Royal LePage provides latest market forecast
The aggregate price of a Canadian residential unit is likely to decline by around 1% on an annual basis during the fourth quarter of 2023 to settle at $765,171, according to a new forecast by Royal LePage.
This is despite an anticipated “modest improvement” during the second half of the year, a trajectory that is likely to see the market on an upward trend by the end of 2023.
Annual declines will be apparent through the whole of 2023. Royal LePage is expecting aggregate home prices nationally to drop by 12% year over year during the first quarter, decrease by 7.5% in Q2, and tick down by 2% inn Q3.
Fortunately for the market, the ongoing correction does not seem to follow historical patterns, said Phil Soper, president and CEO of Royal LePage.
“After nearly two years of record price appreciation, fuelled by a steep climb in household savings, very low borrowing costs, and an overwhelming desire for more space during the COVID-19 pandemic, the frenzied housing market overshot and the inevitable downward slide or market correction began, intensified by rapidly rising borrowing rates,” Soper said.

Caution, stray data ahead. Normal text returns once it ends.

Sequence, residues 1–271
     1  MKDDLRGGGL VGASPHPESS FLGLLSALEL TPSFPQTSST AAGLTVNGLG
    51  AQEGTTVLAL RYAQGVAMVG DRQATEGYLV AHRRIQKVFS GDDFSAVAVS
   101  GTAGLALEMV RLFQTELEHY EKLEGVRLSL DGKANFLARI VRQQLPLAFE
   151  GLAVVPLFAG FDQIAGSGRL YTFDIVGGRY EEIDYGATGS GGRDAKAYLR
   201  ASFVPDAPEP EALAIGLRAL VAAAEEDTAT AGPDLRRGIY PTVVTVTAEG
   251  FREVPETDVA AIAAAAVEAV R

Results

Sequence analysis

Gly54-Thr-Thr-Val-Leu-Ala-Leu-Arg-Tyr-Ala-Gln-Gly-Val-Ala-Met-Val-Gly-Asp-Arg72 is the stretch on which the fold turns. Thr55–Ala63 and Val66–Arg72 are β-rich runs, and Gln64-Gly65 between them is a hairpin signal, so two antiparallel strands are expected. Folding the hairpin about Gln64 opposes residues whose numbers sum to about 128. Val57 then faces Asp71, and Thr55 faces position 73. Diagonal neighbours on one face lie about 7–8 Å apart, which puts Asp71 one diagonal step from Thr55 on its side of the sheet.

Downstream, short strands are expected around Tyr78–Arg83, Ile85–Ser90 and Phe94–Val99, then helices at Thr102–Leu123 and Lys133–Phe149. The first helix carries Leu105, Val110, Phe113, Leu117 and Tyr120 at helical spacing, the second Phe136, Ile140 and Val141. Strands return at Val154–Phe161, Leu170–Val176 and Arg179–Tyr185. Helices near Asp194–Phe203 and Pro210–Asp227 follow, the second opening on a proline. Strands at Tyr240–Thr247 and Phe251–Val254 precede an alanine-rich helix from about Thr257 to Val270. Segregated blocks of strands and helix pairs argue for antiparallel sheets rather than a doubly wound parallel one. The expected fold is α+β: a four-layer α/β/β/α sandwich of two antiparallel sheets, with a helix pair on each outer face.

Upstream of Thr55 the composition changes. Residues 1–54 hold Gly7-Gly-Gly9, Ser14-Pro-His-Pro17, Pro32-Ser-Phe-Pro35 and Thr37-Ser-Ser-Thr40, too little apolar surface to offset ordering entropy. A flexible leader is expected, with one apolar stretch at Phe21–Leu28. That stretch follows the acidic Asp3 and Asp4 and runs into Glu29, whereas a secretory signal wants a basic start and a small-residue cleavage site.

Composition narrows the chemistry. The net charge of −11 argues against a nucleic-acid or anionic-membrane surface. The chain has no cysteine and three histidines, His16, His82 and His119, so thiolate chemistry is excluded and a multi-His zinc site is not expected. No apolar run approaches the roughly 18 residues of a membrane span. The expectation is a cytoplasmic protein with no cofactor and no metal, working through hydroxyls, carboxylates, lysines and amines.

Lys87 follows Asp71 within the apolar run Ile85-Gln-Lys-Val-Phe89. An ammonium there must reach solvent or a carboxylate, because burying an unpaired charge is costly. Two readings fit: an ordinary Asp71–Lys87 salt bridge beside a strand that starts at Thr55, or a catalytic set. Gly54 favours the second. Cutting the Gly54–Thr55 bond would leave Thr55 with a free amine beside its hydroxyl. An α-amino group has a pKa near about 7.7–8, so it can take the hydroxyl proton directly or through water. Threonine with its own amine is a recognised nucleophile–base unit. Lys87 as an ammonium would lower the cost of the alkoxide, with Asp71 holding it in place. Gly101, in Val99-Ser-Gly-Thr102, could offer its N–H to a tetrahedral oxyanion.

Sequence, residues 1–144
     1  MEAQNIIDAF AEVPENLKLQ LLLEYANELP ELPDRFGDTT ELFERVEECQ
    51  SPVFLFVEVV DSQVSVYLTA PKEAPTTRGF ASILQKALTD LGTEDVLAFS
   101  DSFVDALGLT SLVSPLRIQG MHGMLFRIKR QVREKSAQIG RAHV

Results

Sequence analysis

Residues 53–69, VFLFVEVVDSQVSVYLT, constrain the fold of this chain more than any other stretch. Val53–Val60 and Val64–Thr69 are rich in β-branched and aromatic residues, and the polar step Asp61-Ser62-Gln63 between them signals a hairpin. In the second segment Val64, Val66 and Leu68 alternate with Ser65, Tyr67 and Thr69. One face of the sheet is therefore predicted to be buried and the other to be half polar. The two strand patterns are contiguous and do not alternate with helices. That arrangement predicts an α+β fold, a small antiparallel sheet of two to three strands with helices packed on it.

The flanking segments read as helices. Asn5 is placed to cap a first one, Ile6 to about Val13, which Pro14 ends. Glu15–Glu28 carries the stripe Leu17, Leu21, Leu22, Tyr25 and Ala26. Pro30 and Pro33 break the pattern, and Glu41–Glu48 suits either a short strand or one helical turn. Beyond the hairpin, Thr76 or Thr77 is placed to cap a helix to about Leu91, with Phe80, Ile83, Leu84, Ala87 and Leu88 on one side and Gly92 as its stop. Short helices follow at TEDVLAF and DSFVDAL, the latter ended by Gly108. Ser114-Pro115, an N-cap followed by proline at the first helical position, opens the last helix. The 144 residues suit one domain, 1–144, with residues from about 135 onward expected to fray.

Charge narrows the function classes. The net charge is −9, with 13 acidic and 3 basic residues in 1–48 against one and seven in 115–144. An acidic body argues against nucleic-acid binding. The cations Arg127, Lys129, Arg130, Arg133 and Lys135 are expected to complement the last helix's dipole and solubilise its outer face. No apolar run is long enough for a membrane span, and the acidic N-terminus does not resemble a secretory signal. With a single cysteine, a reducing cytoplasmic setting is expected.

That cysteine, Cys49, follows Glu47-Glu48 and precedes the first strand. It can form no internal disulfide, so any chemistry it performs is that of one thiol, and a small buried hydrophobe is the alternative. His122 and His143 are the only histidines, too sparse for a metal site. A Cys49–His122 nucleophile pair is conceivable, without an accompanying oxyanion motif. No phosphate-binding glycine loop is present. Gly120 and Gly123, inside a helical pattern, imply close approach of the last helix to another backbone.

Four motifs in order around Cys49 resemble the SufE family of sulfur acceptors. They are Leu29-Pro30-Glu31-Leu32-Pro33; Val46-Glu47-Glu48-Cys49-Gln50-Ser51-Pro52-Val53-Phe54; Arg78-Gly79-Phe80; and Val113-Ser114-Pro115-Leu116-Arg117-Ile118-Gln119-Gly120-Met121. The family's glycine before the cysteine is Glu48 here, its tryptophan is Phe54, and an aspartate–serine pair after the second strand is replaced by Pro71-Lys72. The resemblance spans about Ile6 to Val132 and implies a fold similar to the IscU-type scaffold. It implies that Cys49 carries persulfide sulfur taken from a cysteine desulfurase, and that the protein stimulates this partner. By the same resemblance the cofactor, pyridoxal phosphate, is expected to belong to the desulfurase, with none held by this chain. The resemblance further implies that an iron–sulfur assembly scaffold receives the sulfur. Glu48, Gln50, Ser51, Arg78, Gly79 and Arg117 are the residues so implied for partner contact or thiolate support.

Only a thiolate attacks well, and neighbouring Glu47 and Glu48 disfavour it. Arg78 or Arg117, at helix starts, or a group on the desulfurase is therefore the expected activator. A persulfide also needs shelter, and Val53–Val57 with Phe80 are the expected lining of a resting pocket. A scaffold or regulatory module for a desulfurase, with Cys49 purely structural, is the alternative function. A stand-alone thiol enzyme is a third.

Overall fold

However, “while the volume of homes trading hands has dropped steeply, home prices have held on, with relatively modest declines,” he added. “We see this as a continuing trend.”
What is supporting Canada’s current price levels?
Royal LePage said that the market environment is characterized by “an acute, long-term housing supply shortage.” Current demand mostly stems from Canada’s substantial millennial and immigrant demographics, both of which are mainly comprised of smaller families.
“Smaller household sizes mean more housing units are needed per capita than in the past,” Royal LePage said. “Pent-up demand is growing from buyers who have the ability to transact but have chosen not to in these turbulent times.”
Coupled with the market’s fundamental robustness, Soper said that housing affordability remains elusive.
“We have a tightly managed national mortgage portfolio, with historically low default rates, supported by homeowners who have been required to qualify for a loan under the strict federal stress test for the last five years,” Soper said. “And, we can’t forget that Canada has been grappling with an acute shortage of homes overall. We simply don’t see the factors at play that would result in a large drop in home values.”